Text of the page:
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fulltext41 - Effect of pH on Aqueous Phenylalanine Studied...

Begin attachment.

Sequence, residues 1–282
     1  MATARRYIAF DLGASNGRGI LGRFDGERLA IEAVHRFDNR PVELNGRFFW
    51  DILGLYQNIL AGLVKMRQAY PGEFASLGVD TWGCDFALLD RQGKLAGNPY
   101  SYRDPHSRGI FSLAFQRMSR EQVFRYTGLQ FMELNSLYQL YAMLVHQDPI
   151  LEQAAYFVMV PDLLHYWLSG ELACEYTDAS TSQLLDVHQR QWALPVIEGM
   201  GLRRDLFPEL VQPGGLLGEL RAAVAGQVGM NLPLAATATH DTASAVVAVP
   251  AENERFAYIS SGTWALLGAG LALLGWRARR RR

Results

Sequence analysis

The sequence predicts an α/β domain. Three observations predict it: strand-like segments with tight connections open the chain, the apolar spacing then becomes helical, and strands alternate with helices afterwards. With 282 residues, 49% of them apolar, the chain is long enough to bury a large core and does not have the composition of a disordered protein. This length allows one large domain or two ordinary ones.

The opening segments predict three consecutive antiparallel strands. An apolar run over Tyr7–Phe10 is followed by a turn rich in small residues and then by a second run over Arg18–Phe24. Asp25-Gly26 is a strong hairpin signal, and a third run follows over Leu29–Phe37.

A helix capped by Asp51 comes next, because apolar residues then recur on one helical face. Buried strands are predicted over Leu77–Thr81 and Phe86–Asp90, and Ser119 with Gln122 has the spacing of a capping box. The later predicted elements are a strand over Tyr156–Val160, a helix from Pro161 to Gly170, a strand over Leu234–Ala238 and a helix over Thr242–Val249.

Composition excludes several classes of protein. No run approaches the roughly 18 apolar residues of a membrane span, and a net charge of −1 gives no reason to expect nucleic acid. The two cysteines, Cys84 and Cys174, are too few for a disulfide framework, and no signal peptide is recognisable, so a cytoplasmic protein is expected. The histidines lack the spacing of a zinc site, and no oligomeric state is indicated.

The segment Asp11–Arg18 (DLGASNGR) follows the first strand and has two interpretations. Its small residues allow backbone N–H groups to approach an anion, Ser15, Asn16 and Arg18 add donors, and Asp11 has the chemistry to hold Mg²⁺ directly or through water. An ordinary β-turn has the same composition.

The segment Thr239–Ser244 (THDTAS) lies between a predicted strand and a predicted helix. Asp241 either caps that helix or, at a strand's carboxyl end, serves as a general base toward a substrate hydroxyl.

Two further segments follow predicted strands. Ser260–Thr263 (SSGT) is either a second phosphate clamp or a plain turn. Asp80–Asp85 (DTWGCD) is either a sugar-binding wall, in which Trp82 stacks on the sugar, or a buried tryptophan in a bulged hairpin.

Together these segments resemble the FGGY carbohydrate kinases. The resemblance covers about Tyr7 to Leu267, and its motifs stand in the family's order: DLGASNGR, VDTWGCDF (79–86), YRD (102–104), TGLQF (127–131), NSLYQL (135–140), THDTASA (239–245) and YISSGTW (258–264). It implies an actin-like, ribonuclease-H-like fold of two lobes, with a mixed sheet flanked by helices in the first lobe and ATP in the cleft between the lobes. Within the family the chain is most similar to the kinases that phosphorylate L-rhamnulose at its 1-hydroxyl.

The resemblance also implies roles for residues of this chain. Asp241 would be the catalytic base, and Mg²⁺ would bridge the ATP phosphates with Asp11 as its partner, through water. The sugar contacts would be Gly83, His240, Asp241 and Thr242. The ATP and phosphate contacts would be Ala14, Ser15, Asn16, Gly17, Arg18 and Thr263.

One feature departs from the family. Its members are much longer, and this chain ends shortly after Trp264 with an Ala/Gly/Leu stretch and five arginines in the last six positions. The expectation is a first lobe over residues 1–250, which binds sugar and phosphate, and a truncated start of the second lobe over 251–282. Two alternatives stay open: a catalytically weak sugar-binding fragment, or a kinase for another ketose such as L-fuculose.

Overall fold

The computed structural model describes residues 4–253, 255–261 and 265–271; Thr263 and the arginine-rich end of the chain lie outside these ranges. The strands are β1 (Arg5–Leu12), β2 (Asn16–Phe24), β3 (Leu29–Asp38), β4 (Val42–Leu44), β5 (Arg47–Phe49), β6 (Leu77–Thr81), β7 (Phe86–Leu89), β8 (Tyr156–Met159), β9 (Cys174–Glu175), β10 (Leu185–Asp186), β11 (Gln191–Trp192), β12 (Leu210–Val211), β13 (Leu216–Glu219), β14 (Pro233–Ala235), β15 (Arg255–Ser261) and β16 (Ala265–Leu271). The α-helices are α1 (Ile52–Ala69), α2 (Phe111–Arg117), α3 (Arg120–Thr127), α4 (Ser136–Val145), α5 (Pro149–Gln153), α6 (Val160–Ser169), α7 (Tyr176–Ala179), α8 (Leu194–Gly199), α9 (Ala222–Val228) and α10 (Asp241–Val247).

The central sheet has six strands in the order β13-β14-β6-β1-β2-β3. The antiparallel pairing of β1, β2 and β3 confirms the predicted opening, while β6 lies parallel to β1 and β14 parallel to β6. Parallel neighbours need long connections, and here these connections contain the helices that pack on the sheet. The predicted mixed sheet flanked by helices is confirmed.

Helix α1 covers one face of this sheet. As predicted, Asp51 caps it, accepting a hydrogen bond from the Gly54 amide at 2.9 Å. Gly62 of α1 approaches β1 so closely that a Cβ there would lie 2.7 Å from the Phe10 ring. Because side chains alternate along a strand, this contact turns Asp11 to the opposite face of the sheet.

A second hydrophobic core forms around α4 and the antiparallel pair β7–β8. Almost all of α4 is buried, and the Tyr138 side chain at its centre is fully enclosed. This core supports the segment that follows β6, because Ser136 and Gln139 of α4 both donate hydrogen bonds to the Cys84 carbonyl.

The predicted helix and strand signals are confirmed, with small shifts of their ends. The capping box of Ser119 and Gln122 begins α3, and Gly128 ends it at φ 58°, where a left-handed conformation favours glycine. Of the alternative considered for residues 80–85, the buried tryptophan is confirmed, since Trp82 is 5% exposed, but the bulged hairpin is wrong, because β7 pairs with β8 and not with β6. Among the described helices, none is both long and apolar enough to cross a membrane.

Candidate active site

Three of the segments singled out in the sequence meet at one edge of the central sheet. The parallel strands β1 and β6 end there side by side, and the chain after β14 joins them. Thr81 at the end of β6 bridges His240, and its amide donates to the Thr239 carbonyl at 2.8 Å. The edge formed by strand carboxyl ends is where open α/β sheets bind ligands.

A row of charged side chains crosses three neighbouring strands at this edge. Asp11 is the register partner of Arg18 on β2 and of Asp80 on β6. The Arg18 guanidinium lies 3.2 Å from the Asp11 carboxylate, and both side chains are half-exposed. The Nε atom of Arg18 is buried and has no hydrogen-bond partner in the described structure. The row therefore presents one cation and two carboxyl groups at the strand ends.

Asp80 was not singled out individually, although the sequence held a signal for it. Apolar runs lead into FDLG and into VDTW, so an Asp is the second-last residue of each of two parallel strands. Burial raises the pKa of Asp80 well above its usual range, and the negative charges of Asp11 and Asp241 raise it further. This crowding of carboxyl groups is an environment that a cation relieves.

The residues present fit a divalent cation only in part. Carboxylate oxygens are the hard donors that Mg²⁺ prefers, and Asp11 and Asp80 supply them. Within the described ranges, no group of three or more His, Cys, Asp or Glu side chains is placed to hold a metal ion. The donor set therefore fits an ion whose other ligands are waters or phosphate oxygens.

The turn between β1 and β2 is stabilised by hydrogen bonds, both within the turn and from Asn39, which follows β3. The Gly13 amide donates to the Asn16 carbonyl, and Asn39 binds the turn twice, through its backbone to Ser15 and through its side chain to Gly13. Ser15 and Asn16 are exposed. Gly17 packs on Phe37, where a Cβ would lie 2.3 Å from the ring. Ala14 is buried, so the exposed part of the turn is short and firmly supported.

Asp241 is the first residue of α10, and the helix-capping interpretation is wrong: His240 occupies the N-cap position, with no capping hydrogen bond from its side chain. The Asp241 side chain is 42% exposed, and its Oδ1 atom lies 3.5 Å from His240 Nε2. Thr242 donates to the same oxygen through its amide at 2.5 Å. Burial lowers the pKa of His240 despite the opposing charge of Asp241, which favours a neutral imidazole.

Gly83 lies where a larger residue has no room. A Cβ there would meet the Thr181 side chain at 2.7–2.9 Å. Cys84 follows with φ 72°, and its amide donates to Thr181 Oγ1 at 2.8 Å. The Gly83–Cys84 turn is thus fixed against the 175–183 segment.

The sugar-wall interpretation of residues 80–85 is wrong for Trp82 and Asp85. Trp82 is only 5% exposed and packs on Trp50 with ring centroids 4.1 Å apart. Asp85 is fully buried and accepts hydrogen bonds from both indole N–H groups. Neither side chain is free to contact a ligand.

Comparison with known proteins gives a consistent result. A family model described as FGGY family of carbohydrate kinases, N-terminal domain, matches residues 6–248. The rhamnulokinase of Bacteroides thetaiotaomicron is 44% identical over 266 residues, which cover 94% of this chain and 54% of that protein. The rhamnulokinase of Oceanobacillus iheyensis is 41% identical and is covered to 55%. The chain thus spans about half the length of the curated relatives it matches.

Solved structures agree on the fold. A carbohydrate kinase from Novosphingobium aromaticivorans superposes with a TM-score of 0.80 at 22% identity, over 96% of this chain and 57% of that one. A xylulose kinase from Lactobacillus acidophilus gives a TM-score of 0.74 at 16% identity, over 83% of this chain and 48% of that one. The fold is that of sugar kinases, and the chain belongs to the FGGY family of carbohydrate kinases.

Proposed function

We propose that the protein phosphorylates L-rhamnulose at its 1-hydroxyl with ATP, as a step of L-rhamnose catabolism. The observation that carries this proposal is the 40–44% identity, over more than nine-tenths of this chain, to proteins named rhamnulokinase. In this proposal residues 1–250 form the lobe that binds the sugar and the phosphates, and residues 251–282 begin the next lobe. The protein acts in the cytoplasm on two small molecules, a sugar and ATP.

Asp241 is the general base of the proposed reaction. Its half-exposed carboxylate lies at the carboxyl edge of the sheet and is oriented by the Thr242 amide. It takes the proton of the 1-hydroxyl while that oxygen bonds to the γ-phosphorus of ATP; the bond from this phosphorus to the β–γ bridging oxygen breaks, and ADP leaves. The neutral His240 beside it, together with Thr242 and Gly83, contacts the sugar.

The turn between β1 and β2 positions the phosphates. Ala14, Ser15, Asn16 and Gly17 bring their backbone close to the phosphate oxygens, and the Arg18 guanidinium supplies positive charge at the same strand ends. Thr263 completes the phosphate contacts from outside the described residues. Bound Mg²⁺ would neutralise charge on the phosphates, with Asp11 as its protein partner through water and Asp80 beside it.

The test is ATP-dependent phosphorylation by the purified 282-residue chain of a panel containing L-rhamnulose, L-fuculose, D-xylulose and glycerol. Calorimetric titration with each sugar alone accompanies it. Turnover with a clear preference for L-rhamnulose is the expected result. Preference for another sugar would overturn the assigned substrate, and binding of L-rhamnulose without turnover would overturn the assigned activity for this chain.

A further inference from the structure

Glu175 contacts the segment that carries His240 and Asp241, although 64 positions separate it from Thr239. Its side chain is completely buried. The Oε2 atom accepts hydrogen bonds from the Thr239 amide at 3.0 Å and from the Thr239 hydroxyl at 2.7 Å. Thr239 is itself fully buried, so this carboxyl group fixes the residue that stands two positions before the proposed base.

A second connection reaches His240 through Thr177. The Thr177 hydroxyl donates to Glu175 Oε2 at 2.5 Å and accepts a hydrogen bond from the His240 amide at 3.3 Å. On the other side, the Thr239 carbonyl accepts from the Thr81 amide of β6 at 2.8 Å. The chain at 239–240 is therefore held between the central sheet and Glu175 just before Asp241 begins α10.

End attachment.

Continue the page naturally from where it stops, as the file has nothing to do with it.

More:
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Effect of pH on Aqueous Phenylalanine Studied Using a 265-nm Pulsed Light-emitting Diode A LEXANDER M. M ACMILLAN , a C OLIN D. M C G UINNESS , b K ULWINDER S AGOO , c D AVID M C L OSKEY , c J OHN C. P ICKUP , b AND D AVID J. S. B IRCH a a Photophysics Research Group, Department of Physics, University of Strathclyde, Glasgow, United Kingdom b Unit for Metabolic Medicine, Guy’s, King’s, and St. Thomas’ School of Medicine, Thomas Guy House, Guy’s Hospital, London, United Kingdom c Horiba Jobin Yvon IBH Limited, Glasgow, United Kingdom Recently, we described the characteristics and application of a 265-nm AlGaN light-emitting diode (LED) operated at 1-MHz repetition rate, 1.2-ns pulse duration, 1.32- μ W average power, 2.3-mW peak power, and approximately 12-nm bandwidth. The LED enables the fluorescence decay of weakly emitting phenylalanine to be measured routinely in the condensed phase, even in dilute solution. For a pH range of 1–11, we find evidence for a biexponential rather than a monoexponential decay, whereas at pH 13, only a monoexponential decay is present. These results provide direct evidence for the dominance of two phenylalanine rotamers in solution with a photophysics closer to the other two fluorescent amino acids, tyrosine and tryptophan, than has previously been reported. Although phenylalanine fluorescence is difficult to detect in most proteins because of its low quantum yield and resonance energy transfer from phenylalanine to tyrosine and tryptophan, the convenience of the 265-nm LED may well take protein photophysics in new directions, for example, by making use of this resonance energy transfer or by observing phenylalanine fluorescence directly in specific proteins where resonance energy transfer is inefficient. Key words: 265-nm LED; phenylalanine; rotamer model Introduction Progress in the fabrication of deep ultraviolet (UV) AlGaN light-emitting diodes (LEDs) has been consid- erable in recent years. 1 Recently we demonstrated the first results on exciting protein fluorescence by using tyrosine 2 and tryptophan. 3 This development not only makes the study of protein fluorescence simpler and less expensive than the mode-locked lasers or flash lamps used previously but also offers the potential of new miniaturized implementations, such as lab-on-a- chip technology using immunoassays, thereby opening up new approaches to point-of-care and rapid diag- nostics. In biomolecular research this technology is giving researchers cheaper, more reliable, and simpler means to achieve excitation of not only amino acids and proteins but also other important fluorophores, such as nicotinamide adenine dinucleotide (NADH). Address for correspondence: David J. S. Birch, Photophysics Research Group, Department of Physics, John Anderson Bldg., University of Strath- clyde, 107 Rottenrow, Glasgow G4 0NG, UK. Fax: + 44-141-548 3184.
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